Prioritization and task selection is incredibly hard, and it's easy to cast "prioritization" in over simplified terms. I've been thinking about prioritization, for my own work, as being a decision based on the following factors:
- deadline (when does this have to be done: work on things that have hard deadlines or expected completion times, ordered by expected completion date, to avoid needing to cram at the last moment.)
- potential impact (do things that will have the greatest impact before lesser impact, this is super subjective, but can help build momentum, and give you a chance to decide if lower-impact items are worth doing.)
- time availability fit (do the biggest thing you can manage with the time you have at hand, as smaller things are easier to fit in later,)
- level of understanding (work on the things that you understand the best, and give yourself the opportunity to plan things that you don't understand later. I sometimes think about this as "do easy things first," but that might be too simple.)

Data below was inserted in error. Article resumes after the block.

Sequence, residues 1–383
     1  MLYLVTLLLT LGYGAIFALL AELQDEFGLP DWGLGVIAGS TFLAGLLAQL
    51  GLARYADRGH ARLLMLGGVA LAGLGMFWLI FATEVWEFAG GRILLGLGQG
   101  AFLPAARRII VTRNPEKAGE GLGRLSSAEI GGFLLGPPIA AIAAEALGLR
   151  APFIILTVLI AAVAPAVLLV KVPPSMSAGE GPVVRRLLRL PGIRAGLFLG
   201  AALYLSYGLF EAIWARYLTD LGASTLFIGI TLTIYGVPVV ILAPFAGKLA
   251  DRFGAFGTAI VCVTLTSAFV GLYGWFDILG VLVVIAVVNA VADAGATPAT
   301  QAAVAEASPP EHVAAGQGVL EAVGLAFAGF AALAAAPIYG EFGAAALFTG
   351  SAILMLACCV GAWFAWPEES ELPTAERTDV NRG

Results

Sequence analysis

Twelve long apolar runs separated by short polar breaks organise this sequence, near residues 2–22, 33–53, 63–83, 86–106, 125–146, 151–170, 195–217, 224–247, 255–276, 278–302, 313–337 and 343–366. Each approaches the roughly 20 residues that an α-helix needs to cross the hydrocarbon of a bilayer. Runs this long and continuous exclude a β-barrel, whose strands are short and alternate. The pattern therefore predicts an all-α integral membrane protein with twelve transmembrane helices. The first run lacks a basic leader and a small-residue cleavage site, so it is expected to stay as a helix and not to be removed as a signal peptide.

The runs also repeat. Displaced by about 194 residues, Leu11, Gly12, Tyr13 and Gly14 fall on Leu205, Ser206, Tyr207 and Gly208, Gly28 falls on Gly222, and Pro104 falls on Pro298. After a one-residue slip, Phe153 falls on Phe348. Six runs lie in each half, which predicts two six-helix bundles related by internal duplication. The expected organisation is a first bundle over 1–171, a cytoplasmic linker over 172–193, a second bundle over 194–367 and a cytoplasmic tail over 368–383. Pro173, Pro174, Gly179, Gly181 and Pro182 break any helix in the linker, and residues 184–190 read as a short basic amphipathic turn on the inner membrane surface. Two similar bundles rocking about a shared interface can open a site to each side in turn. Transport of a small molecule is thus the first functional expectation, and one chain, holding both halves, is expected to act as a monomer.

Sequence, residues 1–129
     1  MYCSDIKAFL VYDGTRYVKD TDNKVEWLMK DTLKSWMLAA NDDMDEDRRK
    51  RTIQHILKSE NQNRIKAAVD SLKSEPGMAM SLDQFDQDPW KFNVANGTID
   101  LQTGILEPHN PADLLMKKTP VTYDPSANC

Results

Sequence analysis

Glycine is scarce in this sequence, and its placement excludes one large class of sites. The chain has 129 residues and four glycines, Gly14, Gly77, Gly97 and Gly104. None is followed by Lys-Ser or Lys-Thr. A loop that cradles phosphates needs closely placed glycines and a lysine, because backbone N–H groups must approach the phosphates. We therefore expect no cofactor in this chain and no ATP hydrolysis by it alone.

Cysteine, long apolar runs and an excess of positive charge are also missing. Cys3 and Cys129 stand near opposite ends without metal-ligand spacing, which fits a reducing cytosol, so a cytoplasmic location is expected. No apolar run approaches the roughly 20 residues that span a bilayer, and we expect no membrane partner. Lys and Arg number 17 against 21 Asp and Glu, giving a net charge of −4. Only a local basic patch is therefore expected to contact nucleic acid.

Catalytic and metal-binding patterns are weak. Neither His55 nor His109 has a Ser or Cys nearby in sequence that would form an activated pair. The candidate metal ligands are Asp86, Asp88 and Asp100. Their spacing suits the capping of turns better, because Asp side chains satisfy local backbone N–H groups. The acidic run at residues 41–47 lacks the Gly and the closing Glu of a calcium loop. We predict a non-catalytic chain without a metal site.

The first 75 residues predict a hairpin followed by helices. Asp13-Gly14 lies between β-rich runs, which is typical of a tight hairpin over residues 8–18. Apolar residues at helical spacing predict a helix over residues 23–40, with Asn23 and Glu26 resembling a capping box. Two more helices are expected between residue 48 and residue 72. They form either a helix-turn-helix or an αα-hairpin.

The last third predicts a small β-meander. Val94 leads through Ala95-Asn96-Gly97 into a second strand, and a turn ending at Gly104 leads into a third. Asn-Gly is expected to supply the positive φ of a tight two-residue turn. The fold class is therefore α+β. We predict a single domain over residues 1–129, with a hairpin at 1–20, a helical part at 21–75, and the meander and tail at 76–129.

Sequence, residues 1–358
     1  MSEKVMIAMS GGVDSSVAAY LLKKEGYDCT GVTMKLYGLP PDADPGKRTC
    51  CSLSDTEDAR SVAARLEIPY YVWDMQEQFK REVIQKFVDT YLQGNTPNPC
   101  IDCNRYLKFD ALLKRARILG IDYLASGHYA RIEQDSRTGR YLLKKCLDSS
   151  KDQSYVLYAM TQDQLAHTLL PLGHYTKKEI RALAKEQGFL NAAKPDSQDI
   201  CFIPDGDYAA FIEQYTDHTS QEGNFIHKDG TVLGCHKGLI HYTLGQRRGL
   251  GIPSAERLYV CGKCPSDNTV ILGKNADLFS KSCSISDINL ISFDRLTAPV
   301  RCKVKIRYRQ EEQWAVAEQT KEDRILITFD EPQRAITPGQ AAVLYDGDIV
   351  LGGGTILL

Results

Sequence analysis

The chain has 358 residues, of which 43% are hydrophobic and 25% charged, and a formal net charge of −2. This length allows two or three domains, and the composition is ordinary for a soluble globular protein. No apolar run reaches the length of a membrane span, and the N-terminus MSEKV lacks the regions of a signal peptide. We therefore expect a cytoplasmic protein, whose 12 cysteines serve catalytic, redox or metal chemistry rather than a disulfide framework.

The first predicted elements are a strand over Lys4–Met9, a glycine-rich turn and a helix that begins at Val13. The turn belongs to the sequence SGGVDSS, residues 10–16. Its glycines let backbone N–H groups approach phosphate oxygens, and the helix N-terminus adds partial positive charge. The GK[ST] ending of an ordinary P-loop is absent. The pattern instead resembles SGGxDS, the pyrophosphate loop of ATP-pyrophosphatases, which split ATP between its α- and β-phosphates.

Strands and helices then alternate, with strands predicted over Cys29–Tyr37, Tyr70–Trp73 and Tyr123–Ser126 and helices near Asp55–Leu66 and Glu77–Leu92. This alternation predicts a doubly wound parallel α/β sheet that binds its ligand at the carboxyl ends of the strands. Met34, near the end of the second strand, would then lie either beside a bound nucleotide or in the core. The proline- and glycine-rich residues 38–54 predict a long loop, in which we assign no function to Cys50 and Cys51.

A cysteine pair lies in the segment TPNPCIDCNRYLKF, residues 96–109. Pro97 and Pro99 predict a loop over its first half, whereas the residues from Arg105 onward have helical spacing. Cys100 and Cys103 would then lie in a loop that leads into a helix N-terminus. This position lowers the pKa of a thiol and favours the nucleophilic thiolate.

- time outstanding (how long ago was this task created: do older things first to prevent them from becoming stale.)
- number of things (or people) that depend on this being done (work on things that will unblock other tasks or collaborators before things that don't have any dependencies, to help increase overall throughput.)
Maintain a Pipeline of Work
Productivity, for me, has always been about getting momentum on projects and being able to add more things. For work projects, there's (almost) always a backlog of tasks, and the next thing is ususally pretty obvious, but sometimes this is harder for personal projects. I've noticed a tendency in myself to prefer "getting everything done" on my personal todo list, which I don't think particularly useful. Having a pipleine of backlog of work is great:
- there's always something next to do, and there isn't a moment when you've finished and have to think about new things.
- keeping a list of things that you are going to do in the more distant future lets you start thinking about how bigger pieces fit together without needint to starting to work on that.
- you can add big things to your list(s) and then break them into smaller pieces as you make progress.
As an experiment, think about your todo list, not as a thing that you'd like to finish all of the items, but as list that shouldn't be shorter than a certain amount (say 20 or 30?) items with rate of completion (10 a week?) though you should choose your own numbers, and set goals based on what you see yourself getting done over time.